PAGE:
HARARE (AFP) – A unity government led by President Robert Mugabe may be the best way to break Zimbabwe’s post-election deadlock, state media said Wednesday, as the first result from a recount of votes was declared.
While Mugabe’s ZANU-PF party triumphed in the first of 23 constituencies holding a recount from the March 29 polls, the state-run Herald newspaper said it was clear no side would win a majority in the presidential election and the best way forward therefore was to form a government of national unity.
“The Zimbabwe government and independent international observers are agreed that the just-ended harmonised elections did not produce an outright winner in the presidential race. It is unlikely the ongoing recount will substantively alter that position,” said an opinion piece in the government mouthpiece.
“Accordingly, it stands to reason that the transitional government of national unity … should be led by the incumbent president.”
Twenty-five days have now passed since the country held joint parliamentary and presidential elections, and the outcome of both ballots still remains up in the air.
While the election commission has given no word on the outcome of the presidential poll, the opposition Movement for Democratic Change had initially wrested control of the 210-seat parliament from ZANU-PF.
But even that result could now be reversed as the commission recounts votes in 23 constituencies, all but two of which were initially said to have returned an MDC candidate to parliament.
In the first constituency to complete its recount, Goromonzi West, ZANU-PF was confirmed the winner and only needs to reverse the result in seven of the other seats under the microscope in order to regain control of parliament.
The opposition has denounced the recount process as a ploy by Mugabe to steal back control of parliament and says the delay to the result of the presidential election is also intended to buy a defeated regime more time.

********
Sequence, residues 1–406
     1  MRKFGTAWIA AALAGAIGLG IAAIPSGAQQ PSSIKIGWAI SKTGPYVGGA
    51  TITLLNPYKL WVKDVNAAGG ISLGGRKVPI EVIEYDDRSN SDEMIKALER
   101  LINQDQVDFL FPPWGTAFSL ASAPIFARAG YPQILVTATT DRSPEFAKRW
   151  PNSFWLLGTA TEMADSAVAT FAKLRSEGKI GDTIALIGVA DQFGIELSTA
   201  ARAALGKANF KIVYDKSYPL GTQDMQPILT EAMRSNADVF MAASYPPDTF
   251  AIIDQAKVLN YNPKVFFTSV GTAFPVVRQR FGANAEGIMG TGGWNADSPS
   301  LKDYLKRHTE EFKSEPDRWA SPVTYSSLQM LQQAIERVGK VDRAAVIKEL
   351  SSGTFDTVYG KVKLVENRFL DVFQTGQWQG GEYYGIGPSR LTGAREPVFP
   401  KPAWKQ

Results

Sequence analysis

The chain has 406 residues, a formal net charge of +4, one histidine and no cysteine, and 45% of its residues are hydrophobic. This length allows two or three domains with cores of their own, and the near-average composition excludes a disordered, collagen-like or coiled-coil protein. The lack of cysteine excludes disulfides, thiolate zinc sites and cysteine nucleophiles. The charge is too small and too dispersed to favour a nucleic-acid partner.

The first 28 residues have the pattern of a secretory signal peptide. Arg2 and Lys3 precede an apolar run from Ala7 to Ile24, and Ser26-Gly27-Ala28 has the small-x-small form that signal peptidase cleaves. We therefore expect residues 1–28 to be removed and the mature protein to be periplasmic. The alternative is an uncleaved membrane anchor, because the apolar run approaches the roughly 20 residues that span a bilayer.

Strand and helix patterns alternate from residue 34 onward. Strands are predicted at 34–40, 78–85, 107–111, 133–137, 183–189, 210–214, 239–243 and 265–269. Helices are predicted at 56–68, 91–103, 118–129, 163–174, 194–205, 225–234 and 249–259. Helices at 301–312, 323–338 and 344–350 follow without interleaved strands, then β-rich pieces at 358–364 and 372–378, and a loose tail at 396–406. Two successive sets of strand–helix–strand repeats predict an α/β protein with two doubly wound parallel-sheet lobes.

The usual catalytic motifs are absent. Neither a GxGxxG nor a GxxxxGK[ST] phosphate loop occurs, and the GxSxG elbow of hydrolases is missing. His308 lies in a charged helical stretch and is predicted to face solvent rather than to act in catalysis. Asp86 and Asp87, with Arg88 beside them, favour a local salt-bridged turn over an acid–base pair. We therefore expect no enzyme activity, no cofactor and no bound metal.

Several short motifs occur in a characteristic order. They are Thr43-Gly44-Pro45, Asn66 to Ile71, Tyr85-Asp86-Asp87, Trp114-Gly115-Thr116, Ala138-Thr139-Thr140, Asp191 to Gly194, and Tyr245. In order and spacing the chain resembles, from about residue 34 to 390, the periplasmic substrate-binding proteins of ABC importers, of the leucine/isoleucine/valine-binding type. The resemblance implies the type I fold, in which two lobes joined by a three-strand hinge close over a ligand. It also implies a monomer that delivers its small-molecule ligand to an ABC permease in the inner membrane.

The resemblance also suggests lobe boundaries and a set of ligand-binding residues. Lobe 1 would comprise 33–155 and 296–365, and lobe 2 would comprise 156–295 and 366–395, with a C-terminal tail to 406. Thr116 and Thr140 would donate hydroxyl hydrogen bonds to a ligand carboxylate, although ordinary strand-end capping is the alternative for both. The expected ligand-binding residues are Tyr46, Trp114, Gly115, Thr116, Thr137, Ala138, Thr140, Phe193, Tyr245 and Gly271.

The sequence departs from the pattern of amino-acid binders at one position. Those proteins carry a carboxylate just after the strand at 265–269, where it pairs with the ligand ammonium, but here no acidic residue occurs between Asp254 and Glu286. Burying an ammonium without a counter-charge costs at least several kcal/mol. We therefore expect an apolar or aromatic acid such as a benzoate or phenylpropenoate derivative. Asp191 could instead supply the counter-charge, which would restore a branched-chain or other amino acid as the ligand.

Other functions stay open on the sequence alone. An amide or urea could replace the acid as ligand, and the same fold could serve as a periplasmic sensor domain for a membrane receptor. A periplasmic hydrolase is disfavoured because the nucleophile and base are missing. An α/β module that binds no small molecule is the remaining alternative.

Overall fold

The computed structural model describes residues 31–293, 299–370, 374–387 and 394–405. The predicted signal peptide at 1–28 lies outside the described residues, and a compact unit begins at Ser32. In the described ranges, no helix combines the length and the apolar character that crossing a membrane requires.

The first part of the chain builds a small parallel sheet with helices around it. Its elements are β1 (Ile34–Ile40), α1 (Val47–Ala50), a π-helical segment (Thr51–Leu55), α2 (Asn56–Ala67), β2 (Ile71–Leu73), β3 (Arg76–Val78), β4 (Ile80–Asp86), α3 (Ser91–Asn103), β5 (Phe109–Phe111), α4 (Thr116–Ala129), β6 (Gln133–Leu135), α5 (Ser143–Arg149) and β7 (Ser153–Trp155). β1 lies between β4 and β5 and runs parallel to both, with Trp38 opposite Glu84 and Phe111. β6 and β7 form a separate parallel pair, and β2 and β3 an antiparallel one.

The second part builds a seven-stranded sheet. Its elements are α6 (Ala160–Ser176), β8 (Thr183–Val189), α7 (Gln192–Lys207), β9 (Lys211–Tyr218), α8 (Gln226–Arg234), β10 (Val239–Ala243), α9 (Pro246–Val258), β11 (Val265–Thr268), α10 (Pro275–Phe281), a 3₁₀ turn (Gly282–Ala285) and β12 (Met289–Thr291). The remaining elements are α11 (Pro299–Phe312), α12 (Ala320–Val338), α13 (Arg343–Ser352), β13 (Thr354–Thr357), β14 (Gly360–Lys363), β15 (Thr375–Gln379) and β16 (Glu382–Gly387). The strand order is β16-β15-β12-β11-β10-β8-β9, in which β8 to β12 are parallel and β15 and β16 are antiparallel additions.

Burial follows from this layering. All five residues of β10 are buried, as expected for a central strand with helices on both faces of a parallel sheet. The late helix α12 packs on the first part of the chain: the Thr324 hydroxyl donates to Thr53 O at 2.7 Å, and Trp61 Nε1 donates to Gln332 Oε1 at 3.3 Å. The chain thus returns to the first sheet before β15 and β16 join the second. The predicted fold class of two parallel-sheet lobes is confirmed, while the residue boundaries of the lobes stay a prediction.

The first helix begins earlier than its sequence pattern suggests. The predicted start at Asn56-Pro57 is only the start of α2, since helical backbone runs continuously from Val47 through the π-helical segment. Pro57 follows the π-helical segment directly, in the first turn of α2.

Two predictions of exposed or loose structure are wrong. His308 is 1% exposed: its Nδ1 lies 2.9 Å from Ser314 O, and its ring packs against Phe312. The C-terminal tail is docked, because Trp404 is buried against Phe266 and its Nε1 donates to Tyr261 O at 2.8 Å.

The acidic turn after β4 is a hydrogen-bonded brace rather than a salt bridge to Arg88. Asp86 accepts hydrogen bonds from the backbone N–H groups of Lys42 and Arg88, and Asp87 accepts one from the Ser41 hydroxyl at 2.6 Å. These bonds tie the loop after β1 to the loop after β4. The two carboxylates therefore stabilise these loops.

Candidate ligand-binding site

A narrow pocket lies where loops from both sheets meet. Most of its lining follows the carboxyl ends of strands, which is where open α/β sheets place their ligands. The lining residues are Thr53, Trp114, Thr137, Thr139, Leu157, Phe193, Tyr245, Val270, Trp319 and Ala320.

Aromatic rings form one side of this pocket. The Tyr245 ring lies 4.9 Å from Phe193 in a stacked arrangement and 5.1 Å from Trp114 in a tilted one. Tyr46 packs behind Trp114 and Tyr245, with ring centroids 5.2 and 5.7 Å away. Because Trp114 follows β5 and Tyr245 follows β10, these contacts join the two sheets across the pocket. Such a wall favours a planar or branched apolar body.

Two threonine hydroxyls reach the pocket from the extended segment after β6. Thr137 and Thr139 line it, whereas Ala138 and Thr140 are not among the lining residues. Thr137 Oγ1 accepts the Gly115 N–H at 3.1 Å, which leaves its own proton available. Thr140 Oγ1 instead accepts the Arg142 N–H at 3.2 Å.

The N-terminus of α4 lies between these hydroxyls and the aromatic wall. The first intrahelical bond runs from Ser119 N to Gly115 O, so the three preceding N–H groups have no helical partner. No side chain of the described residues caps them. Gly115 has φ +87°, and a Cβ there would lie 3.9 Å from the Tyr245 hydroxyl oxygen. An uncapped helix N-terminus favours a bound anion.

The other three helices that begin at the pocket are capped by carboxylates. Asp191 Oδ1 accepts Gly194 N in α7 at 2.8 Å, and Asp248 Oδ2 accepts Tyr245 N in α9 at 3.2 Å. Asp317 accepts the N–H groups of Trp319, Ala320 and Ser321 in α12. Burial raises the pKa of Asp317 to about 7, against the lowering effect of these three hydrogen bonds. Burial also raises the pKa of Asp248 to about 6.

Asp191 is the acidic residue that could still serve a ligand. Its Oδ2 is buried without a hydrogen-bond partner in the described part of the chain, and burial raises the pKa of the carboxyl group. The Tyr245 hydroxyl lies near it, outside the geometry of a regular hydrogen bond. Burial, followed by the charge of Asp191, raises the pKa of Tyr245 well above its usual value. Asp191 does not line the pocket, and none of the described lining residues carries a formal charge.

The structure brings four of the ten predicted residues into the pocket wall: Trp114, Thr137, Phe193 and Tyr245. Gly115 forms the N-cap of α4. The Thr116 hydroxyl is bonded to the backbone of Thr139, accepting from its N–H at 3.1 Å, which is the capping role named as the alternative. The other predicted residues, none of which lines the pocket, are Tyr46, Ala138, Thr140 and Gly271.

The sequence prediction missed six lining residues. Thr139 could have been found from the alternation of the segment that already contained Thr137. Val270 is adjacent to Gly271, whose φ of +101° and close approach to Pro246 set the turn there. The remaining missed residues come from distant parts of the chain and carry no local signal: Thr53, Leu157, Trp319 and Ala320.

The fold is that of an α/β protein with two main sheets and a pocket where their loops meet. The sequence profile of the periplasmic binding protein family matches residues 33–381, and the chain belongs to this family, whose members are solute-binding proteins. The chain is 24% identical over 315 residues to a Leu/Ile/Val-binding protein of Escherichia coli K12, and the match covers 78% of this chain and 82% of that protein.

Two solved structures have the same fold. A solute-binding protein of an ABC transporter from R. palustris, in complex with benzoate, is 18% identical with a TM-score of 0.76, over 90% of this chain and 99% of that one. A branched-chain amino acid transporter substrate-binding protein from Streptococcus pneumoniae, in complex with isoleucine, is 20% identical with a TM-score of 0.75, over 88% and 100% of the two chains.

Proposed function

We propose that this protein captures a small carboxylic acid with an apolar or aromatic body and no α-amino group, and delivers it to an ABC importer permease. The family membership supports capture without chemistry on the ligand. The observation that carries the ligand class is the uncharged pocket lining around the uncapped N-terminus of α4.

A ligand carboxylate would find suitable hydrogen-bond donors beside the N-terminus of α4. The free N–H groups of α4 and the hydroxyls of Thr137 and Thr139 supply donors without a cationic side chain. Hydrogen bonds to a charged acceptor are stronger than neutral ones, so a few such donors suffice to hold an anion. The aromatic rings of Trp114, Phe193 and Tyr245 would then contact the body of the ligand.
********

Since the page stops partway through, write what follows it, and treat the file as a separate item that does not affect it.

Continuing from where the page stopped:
MDC leader Morgan Tsvangirai, who has already declared himself the outright winner over 84-year-old Mugabe, was in Mozambique on Wednesday as part of his ongoing quest to build up diplomatic pressure on his longstanding rival to stand down.
He held meetings in the morning with former president Joaquim Chissano and was due to meet in the afternoon with President Armando Guebuza.
Tsvangirai has also floated the idea of a national unity government but with himself, rather than Mugabe, at its helm.
The MDC leader has accused Mugabe of human rights abuses and of having led the one-time regional model to economic rack and ruin.
At independence from Britain in 1980, when Mugabe began his marathon 28 years in power, the country was the bread basket of the region.
Now however it has the world’s highest rate of inflation — officially put at 165,000 percent but believed to be several times higher — and an unemployment rate of more than 80 percent.
Mugabe’s regime blames the country’s woes on a package of sanctions, including a ban on weapons sales, imposed by the United States and European Union since the president’s disputed re-election in 2002.
After the collapse of relations with the West, Mugabe has been looking to forge ties with Asian countries such as China from whom he has ordered a massive shipment of weaponry.
However China appears to be getting cold feet over the consignment which has been shunned by ports in countries neighbouring landlocked Zimbabwe and indicated on Tuesday that the ship could abandon its mission.
The United States has asked Beijing to turn the vessel back to China and has also asked Angola and Zimbabwe’s other neighbors, including South Africa, Mozambique and Namibia, not to allow the ship to dock.
The State Department’s top Africa hand, Assistant Secretary of State Jendayi Frazer, was due to arrive in South Africa Wednesday to discuss the turmoil in Zimbabwe on the first leg of a trip which will also take her to Zambia and Angola.